By Emily Zeller
The staged reading of Everything, Everywhere, written by Zachary Troyanovsky ‘21 and directed by Eliza Kuperschmid ‘21, premiered Wednesday, September 23, 2020 and had a final reading on Wednesday, October 7. The magic of live theater has been taken away from us these past couple of months due to the COVID-19 pandemic, so it was truly wonderful to be able to attend this first theater event of the semester live and in-person.
The play was read outside by the Skidmore pond and gazebo. The audience sat on the grass, with masks on, and faced the actors who sat in a line and read the play. The feeling of coming together for a theatrical experience was something that was greatly appreciated by all who were in attendance.
Everything, Everywhere is an abstract play that covers the topics of adolescence, memories, love, and coping with the idea of forgetting. In life, we often take for granted the small and seemingly insignificant events that take place everyday. This play really made me think about that, especially in this time of quarantine and isolation. Small occurrences have become so much more important during this time and events, I believe, won’t be so easily forgotten.
The play focuses on the character Yasha, played by Jordan Gonzales ‘24, and his younger self Yakov, played by Penn Hoen ‘24. Both men step in for each other in a series of flashbacks that revolve around trying to remember a certain event in Yasha’s life. The specific event that he is trying to recall is never specified but what the audience does know is that it took place with the character Laima, played by Leah Alden Cunnigham ‘23, who is assumed to be a past girlfriend of Yakov/Yasha. Laima and Yakov/Yasha recount memories of looking at the stars and eating Subway sandwiches. These represent the small moments and memories that may appear minute in the grand scheme of life but still have the ability to shape us along the way.
Troyanovsky was able to include intense imagery in his play by using the repeated motif of crumbling. The harder Yasha worked to remember, the more his mental images crumbled away from him. Kayleigh Duggan ‘24 recited the stage directions to help enhance the mental picture that was being created for the audience. Each time Yasha is with Laima, she is described as becoming increasingly faded and cracked, until she completely disappears by the end of the play.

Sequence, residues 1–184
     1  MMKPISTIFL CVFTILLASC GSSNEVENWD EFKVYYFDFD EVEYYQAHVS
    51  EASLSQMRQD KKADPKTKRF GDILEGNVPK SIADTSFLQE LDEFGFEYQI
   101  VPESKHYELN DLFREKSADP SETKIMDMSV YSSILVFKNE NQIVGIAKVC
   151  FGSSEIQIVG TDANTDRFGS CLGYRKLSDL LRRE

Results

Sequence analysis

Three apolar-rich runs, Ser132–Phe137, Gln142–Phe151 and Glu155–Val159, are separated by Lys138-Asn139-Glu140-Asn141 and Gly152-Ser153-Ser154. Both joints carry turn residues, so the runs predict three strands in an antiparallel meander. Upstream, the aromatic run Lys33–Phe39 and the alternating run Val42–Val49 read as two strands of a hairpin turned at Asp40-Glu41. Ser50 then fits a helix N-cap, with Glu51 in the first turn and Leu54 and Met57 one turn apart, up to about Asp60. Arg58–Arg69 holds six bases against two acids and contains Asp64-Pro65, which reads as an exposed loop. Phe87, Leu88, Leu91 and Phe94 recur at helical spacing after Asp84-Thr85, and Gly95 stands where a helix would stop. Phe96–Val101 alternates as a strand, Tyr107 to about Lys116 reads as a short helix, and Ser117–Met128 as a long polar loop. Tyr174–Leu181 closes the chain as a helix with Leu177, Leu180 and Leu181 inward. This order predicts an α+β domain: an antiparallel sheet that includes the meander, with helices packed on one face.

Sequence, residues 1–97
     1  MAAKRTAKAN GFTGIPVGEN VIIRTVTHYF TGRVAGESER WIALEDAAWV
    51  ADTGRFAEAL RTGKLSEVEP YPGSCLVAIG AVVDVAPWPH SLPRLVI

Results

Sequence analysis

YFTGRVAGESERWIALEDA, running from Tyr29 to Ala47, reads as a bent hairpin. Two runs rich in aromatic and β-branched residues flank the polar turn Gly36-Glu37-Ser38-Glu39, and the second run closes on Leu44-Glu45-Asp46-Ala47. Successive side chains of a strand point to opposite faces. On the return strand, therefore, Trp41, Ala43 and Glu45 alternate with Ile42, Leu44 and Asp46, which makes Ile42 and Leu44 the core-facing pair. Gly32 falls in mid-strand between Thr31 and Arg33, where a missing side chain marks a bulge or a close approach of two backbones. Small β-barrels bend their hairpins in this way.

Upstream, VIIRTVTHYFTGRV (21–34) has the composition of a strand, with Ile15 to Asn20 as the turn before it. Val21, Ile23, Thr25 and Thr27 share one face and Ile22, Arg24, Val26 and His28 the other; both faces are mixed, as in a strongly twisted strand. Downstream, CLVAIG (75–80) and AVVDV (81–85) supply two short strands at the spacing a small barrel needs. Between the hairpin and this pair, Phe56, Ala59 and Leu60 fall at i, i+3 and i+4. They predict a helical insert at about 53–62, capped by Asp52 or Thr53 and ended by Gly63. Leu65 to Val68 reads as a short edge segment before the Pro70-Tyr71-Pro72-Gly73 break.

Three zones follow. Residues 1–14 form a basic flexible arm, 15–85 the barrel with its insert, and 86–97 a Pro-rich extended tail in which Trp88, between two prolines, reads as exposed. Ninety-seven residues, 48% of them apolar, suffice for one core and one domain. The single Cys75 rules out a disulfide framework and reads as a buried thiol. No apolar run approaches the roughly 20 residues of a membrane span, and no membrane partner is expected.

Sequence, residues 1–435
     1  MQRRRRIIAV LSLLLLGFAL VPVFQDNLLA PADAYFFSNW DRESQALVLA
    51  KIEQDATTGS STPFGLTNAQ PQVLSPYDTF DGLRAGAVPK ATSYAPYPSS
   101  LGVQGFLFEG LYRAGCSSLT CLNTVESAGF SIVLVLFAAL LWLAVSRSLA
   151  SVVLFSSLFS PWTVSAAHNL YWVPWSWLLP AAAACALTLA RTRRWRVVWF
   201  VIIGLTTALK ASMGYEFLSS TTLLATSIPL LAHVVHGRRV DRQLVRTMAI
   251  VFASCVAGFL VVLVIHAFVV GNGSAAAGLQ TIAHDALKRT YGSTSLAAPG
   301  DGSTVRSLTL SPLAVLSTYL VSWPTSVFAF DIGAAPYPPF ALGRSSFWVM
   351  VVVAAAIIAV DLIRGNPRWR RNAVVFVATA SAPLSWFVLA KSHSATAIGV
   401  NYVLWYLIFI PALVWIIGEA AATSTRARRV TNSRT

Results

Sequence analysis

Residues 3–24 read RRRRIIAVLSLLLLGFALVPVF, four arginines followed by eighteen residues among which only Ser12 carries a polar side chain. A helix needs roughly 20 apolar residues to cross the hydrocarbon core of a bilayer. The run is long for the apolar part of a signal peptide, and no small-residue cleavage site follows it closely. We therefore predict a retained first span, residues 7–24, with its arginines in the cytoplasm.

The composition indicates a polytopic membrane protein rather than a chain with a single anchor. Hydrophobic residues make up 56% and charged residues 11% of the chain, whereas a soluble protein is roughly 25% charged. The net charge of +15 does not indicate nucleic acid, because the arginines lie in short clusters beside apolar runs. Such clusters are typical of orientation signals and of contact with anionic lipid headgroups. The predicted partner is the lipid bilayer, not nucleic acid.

The idea of outsiders looking in is also evident in this play with Jonah Harrison ‘22’s characters: the Man, the Boy, and the Optometrist (The Optometrist was added as a character in the second draft of the play). These characters held an outside perspective on Yakov/Yasha. They were able to provide a bit of reasoning to their paranoid counterpart (Yasha/Yakov), who was struggling with remembering. The outside characters showed Yasha that he is in more control of his own memories than he thinks and that letting go of the uncertainty is okay. At first, Yakov/Yasha are a bit defensive, but the cyclical structure of the play allows for this scenario to repeat again and again until Yasha can come to his senses. The experience of rationalizing his own thoughts becomes more vivid as Yasha’s past memories become more faded and cracked.
The repetition of dialogue and events in this play really spoke to the cyclical nature of life, especially right now while our routines are very set in stone. Small memories are important to hold on to but when life gets complicated, it is okay to in fact just let go. Troyanovsky’s writing and Kuperschmid’s directing did a beautiful job of reminding us that we can either decide to let our memories live in our minds or carefully let go of what no longer needs to be remembered and make room for the new.
Written by: Zachary Troyanovsky ’21
Directed by: Eliza Kuperschmid ’21
Cast: Penn Hoen ’24, Jordan Gonzales ’24, Leah Alden Cunningham ’23, Jonah Harrison ’22, Kayleigh Duggan ’24
Emily Zeller ’22 is a staff writer for the Skidmore Theater Living Newsletter